Related to my last post about "Solitude and Leadership" is this "Why we prefer founding CEOs" blog entry by Ben Horowitz.

In short most great technology companies have been built by their fouding CEOs, and there is data that shows that this is not only true for technology companies.


"The reason is that innovation is the most difficult core competency to build in any business."

And there are "three key ingredients to being a great innovator:"

  • Comprehensive knowledge
  • Moral authority
  • Total commitment to the long-term

But it all boils down to the fact that founding CEOs are more able to properly think about the future of the company:

  • Comprehensive knowledge of founding CEOs "enables new, unique innovative thinking".
  • Moral authority is important because "Often, true innovation requires throwing out many of the foundational assumptions of the company."
  • And "founding CEOs naturally take a long view of their companies".

And to the fact that they have more courage to do the right thing:

  • Without comprehensive knowledge, "thoughtful people lack the courage to bet the company on entirely new directions."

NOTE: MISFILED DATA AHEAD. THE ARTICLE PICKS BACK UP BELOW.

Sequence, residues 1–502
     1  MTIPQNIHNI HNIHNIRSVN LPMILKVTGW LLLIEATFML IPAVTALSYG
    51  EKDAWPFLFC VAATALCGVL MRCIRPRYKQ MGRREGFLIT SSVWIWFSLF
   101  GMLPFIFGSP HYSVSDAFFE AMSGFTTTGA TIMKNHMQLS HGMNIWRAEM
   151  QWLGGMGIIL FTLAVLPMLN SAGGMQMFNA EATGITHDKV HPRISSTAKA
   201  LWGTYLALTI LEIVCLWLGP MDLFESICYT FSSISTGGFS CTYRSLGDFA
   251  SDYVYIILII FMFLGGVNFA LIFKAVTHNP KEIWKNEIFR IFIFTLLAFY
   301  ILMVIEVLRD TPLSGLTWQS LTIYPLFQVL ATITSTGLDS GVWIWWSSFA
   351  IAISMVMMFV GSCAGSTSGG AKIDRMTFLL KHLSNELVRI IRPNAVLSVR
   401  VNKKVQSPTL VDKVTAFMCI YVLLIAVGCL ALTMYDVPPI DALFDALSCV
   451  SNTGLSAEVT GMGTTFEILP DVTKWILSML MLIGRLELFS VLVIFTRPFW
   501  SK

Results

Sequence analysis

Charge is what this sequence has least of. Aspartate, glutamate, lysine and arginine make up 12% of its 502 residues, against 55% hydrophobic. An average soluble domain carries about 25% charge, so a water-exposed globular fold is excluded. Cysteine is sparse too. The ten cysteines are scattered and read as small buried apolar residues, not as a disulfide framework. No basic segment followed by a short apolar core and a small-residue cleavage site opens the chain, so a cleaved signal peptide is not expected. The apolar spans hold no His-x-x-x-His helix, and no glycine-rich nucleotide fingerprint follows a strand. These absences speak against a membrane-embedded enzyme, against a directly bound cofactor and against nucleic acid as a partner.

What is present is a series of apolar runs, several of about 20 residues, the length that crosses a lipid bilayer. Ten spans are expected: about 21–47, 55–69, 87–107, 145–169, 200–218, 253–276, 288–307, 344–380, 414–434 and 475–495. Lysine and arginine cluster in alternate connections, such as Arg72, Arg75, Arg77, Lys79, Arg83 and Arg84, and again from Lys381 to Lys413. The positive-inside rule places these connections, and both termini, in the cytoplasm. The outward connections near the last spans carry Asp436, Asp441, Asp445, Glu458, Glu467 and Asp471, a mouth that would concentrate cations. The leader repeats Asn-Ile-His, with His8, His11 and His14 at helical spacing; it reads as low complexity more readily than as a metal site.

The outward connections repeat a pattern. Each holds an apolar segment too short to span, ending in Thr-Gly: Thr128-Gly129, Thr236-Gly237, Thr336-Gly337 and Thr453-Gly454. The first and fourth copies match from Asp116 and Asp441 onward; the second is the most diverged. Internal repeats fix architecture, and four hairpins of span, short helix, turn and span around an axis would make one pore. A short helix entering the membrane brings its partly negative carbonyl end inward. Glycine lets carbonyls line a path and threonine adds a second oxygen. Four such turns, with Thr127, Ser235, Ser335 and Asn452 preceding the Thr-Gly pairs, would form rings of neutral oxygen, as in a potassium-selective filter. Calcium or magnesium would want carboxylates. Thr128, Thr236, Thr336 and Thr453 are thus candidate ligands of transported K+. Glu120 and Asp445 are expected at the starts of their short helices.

• Total commitment to the long term means that founding CEOs' "emotional commitment exceeds their equity stake."

There are many other great quotes, ideas and examples in the blog post.

Saturday 3 July 2010

William Deresiewicz's "Solitude and Leadership"

Here is a really good article I really want to blog about.
It is full of great quotes like this one:

That is exactly what places like Yale mean when they talk about training leaders. Educating people who make a big name for themselves in the world, people with impressive titles, people the university can brag about. People who make it to the top. People who can climb the greasy pole of whatever hierarchy they decide to attach themselves to.

Or this one:

We have a crisis of leadership in America because our overwhelming power and wealth, earned under earlier generations of leaders, made us complacent, and for too long we have been training leaders who only know how to keep the routine going. [...] What we have now are the greatest technocrats the world has ever seen, people who have been trained to be incredibly good at one specific thing, but who have no interest in anything beyond their area of exper­tise. What we don’t have are leaders.

What we don’t have, in other words, are thinkers. People who can think for themselves. People who can formulate a new direction: for the country, for a corporation or a college, for the Army—a new way of doing things, a new way of looking at things. People, in other words, with vision.